For some reason, I’ve been thinking a lot about hiking lately. Well, I always think about hiking, but it usually doesn’t go much further than buying yet another book to put on my expanding shelf of hiking trail guides. That all changed as of last week when, on some strange impulse, I jumped in the car and went out to Muir Woods for a hike up one side of Mount Tam. That adventure made me resolve to hike all the open spaces and recreation areas in the Bay Area and, of course, blog about them. Except not that hike on Mount Tam, which I’ll have to do again, because I took off without a camera. I also took off without a plan, a detailed map, a compass and a good backpack. So let’s skip ahead to my second hike — where at least I brought a camera.
Coyote Hills Regional Park, Fremont
Ever driven across the Bay on the low-slung Dumbarton Bridge and marveled at all the birdlife in the mudflats, earthen dikes and hills off toward the Fremont side? Coyote Hills is how you can get up close and personal with them. Coyote Hills is part of the huge wildlife and bird sanctuary that stretches around the lower end of San Francisco Bay as the Don Edwards San Francisco Bay National Wildlife Refuge. This is the home, migration route and vacation spot for hundreds of species of birds. It’ll be the easiest birdwatching you’ll ever do. Just walk on any trail and look around. A variety of hawks will be wheeling overhead, shore and marsh birds abound and large flocks of migrating birds bring seasonal variety.
First of all, the guides I consulted all promised this would be easy hiking. And it is, even though I climbed up and over the highest point in the park. This would be a great park for mixed groups of hikers or bikers of varying abilities. The vast majority of the trails are flat, packed earth and most hug the shoreline. If hiking, for you, means varied terrain, this is not your hike. You’ll see only three varieties: rounded nearly treeless hills, open bay shoreline and boardwalk trails that meander through tall reed marshland.
Apparently, there are other animals here besides birds. At the visitors’ center, I was promised foxes, bobcats and, of course, coyotes. I saw nothing but jack rabbits.
There’s another cool thing about Coyote Hills — provided you are hiking on a foggy day — which masks the fact that Silicon Valley is across the Bay from you and the East Bay sprawl of cities are on the other side of the park. Standing on top of one of the higher hills gives you a sense of what the De Anza expedition party must have seen when they became the first Europeans to discover the San Francisco Bay. Notice I said “the first Europeans”. Because, of course, various Ohlone, Miwok and Costanoan tribes knew this area well. De Anza’s party encountered some of them at Alameda Creek right here at Coyote Hills. The Natives slapped their thighs, put up their hands in a “stop” gesture and yelled at the explorers. De Anza’s men took the hint that they were trespassing, palmed the Natives off with some beads and marched up north to their ultimate destination — what would become the City of San Francisco.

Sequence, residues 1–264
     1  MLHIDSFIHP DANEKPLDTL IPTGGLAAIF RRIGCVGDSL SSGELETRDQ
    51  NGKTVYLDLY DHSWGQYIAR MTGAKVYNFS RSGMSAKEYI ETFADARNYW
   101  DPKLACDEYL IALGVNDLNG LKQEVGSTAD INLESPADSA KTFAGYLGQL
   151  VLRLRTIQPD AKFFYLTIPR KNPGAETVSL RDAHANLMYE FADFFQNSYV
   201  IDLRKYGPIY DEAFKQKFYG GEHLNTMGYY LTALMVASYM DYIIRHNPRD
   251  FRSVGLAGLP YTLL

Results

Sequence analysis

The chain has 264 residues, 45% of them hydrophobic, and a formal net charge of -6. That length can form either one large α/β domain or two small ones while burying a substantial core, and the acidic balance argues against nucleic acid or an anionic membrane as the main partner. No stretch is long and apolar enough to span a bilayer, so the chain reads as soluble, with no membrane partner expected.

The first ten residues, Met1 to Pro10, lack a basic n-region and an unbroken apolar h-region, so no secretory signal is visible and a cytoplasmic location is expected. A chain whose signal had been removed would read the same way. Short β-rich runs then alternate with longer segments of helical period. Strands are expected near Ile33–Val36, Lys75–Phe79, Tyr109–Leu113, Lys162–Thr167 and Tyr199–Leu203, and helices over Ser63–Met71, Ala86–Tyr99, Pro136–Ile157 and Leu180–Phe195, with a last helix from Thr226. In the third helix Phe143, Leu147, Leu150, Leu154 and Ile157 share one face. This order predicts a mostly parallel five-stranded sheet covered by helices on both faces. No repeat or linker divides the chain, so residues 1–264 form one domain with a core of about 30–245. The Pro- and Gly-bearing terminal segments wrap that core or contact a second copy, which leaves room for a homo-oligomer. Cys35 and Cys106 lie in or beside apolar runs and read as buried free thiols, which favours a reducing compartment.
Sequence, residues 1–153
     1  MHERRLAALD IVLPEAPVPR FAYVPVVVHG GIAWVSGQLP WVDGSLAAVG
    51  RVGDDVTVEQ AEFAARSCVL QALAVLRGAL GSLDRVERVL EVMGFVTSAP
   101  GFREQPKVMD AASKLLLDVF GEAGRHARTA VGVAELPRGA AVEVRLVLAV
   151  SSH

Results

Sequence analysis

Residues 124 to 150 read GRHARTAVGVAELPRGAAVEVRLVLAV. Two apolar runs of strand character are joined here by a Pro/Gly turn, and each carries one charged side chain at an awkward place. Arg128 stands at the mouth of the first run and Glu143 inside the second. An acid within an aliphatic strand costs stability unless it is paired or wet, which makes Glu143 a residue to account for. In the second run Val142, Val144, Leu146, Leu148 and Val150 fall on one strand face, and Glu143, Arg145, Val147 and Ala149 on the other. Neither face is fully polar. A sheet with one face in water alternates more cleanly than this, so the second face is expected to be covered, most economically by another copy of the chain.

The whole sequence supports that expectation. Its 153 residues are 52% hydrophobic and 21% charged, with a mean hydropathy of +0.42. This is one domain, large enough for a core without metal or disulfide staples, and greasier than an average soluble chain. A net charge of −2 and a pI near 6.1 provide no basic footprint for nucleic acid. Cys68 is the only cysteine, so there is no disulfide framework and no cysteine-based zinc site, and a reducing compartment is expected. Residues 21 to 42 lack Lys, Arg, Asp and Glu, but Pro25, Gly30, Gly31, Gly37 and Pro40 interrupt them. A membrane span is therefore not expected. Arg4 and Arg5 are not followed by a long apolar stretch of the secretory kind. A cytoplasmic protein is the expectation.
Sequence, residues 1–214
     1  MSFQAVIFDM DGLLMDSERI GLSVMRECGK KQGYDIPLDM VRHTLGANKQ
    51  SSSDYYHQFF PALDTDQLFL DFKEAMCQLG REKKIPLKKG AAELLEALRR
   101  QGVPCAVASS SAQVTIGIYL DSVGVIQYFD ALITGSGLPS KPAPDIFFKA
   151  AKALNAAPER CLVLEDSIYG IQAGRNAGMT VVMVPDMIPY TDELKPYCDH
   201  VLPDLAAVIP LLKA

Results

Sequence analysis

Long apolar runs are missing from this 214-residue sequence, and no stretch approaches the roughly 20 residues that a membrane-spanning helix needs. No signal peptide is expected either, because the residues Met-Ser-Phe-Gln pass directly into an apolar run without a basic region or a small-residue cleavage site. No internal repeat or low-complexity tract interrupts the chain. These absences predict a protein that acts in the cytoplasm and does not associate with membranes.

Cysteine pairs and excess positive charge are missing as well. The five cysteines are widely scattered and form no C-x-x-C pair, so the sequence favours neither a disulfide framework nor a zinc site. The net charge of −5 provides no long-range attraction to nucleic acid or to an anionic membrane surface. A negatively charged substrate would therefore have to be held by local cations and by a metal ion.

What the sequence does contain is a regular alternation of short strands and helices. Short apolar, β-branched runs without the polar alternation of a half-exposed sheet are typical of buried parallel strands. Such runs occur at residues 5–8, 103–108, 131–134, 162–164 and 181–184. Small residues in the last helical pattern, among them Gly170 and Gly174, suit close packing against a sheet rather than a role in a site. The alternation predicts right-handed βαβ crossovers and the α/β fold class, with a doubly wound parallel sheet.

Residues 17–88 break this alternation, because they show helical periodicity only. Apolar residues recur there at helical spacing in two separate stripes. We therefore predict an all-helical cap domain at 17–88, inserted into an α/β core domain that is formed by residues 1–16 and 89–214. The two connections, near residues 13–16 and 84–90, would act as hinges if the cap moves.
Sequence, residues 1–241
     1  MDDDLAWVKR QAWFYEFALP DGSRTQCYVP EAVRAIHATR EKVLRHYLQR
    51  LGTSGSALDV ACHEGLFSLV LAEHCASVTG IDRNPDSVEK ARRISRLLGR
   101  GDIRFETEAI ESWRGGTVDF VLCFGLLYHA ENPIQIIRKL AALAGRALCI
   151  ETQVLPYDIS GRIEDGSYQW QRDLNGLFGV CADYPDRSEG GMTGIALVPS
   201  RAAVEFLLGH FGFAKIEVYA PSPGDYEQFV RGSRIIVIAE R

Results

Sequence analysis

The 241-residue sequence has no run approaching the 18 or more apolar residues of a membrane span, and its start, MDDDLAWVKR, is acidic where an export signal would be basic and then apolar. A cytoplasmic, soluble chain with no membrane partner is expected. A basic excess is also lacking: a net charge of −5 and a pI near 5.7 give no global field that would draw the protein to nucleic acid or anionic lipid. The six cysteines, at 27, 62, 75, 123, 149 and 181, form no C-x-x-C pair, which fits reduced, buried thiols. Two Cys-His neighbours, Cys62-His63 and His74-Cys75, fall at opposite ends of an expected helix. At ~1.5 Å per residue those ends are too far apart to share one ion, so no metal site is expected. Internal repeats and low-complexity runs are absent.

Now, a word of warning about Coyote Hills. The only facilities are at the little visitors’ center and at the Dairy Glen campsite. And should you get caught short on the trails, well, it’s pretty exposed. You’ll have to duck into the tall grass and hope you aren’t in the binocular sights of any birdwatchers. You’d also think in this relatively flat park getting lost would not be an issue. I seem to have a talent for getting myself off on the Fugowee Trail on any given hike. (That’s Fugowee as in “Where the F*ck are we?”) You’ll most likely start any hike at the Visitors’ Center where the main parking lot is. Well, it’s tucked in between a series of identical looking treeless hills and the trails are not always marked well. So I found myself wandering around hill after hill trying to find my way back (and tacking an extra mile and a half to my 4.5 mile hike!) Finally, I just climbed up one of the hills and looked down until I saw the parking lot.
I would definitely recommend this park for repeat visits. I didn’t even get a chance to wander the boardwalk trails through the reeds that lead you to an Ohlone shellmound and reconstructed Ohlone reed house and sweat lodge. There’s also a long causeway hike that leads to a particularly bird-rich section of the Don Edwards Sanctuary. The visitors center has a bird and butterfly nectar garden and more displays on Ohlone life and traditions.
The Trails: Bayview and Red Hill Loop
Best: Bird watching, many gentle hills and flat trails
Worst: Trails aren’t always well marked, no facilities on the trail and no cover!
Facilities: Nice restrooms and water near the Visitors’ Center. Nothing on the trail which is so wide open, there’s no cover if you are caught short.
Why I’ll Go Back: Boardwalk and levee trails that take you through reed marshes, out into the Bay and along Alameda Creek.
My Flickr Pix: Find the set here.